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Big project spending a good way to kickstart stagnant economy

By Richard Holden  August 20, 2015

Reserve Bank of Australia (RBA) governor Glenn Stevens made headlines last week by suggesting economic growth below 3% is the new normal.

As he put it: "Perhaps the growth we have seen is in fact closer to trend growth than we thought." During the past five years, Australian GDP growth has averaged just 2.5%

Although he didn't use the words, it seems that Stevens has bought into the economic theory of secular stagnation, whose most forceful recent proponent has been former US Treasury secretary Larry Summers. And if he's right then we are set for a big, ongoing debate about the role of fiscal policy in economic management.

Secular stagnation posits that there has been a permanent lowering of the equilibrium real rate of interest – and hence potential stable growth rate of advanced economies – because of a shift in the supply of, and demand for, savings.

In short, there is too much money chasing too few investment opportunities.

This shift probably occurred after the massive productivity gains from the 1990s information technology revolution tapered off. But the shift was masked by the huge real estate bubble in the US and elsewhere in the 2000s.

Indeed, in Summers' view, the only reason the US economy did not overheat during the housing bubble was because of the underlying decline in potential growth.

Why is the RBA just coming to this realisation now, when it seems to have been apparent elsewhere for some time? Well, unlike the US, Australia experienced a massive mining boom that provided huge productive investment opportunities. Until recently.

Arguably, the mining boom was the thing that masked secular stagnation in Australia the way the housing bubble did in the US. Australia, too, has seen a massive run up in housing prices, but relative to the US this was driven more by people trading existing housing stock at higher and higher prices, rather than overpaying for newly built houses in Las Vegas and Arizona. Or Dublin, Ireland for that matter. Now that the mining boom is over, Stevens' new normal is there for all to see.

This depressing scenario (pun sort of intended) raises the obvious question of what might be done about it.

That's a vital question because of what a growth rate with a 2 in front of it means for unemployment and the federal Budget. Don't forget that the 2015 Budget assumed economic growth in 2016-17 would be 3.25% and that unemployment would peak at 6.5%. Not only is it an important question, it's bound to be a controversial one in that it puts at centre stage the role of fiscal policy in managing economic growth.

The need for large-scale government spending opens the door to every wasteful pet project imaginable. We could quickly be facing 'pink bats on steroids'​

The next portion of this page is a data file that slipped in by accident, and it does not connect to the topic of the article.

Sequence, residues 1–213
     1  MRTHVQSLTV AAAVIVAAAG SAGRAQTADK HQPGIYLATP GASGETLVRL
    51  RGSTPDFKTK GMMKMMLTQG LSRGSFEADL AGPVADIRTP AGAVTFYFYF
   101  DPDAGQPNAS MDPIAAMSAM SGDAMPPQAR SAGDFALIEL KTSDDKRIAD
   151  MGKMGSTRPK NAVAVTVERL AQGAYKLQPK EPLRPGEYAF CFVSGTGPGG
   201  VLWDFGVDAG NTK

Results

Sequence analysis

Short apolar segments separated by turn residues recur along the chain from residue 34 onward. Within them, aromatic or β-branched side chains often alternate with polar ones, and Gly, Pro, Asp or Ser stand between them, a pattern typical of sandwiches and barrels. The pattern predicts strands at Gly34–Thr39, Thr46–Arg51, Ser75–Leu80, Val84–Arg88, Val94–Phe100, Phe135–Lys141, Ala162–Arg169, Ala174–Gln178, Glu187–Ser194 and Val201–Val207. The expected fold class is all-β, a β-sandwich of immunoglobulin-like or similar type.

There are broadly two options to address this decline. The first is to reduce the actual rate of interest. Unlike the US, Australia has room to move on short-term interest rates. Exactly 200 basis points of room.

But it is unclear that further reductions in rates will have much more effect given the large cuts that have already occurred. Reducing long-term interest rates through bond-buying programs (quantitative easing) is also possible, but may fuel asset price bubbles.

Still, given the economic slowdown, interest rate cuts seem prudent. But they can only go so far, and achieve so much, before we hit the so-called zero lower bound. Indeed, if one thinks that the real rate of interest is now negative then it's impossible to match the actual interest rate to it.

That logic leads to the second possible response: provide the missing investment opportunities being chased by over-abundant saving. The best prospect here is large-scale infrastructure investments – something Australia sorely needs.

These, of course, cost money. But precisely because of low interest rates, governments can borrow very cheaply. However, this sounds all a bit Keynesian and certainly doesn't fit well with the Coalition's focus on debt and deficits. And this sort of spending may not be short-term, unlike in response to a recession.

In fact, if the secular stagnation hypothesis is right, then low growth is not the only new normal we will need to get used to. We will have to reboot the old debates about government spending.

If monetary policy is less effective than it used to be then the spotlight will shift to fiscal policy. Yet the need for large-scale government spending opens the door to every wasteful pet project imaginable. We could quickly be facing 'pink bats on steroids'.

To combat this, we will have to start thinking about government spending in two distinct categories: investment and recurrent spending.

Investment in infrastructure should be treated like a business treats capital expenditure and charged to the bottom line over its useful life, not in one hit when the investment is made. And it should be subject to the same kind of cost-benefit calculations that private enterprise performs.

If Stevens is right, and secular stagnation has hit Australia, then we will not only need to get used to low growth, but a more nuanced public debate around spending programs.

And Tony Abbott may get his wish: to go down in history as "the infrastructure Prime Minister".

Richard Holden is a professor of economics at UNSW Business School. A version of this post appeared in The Australian Financial Review.

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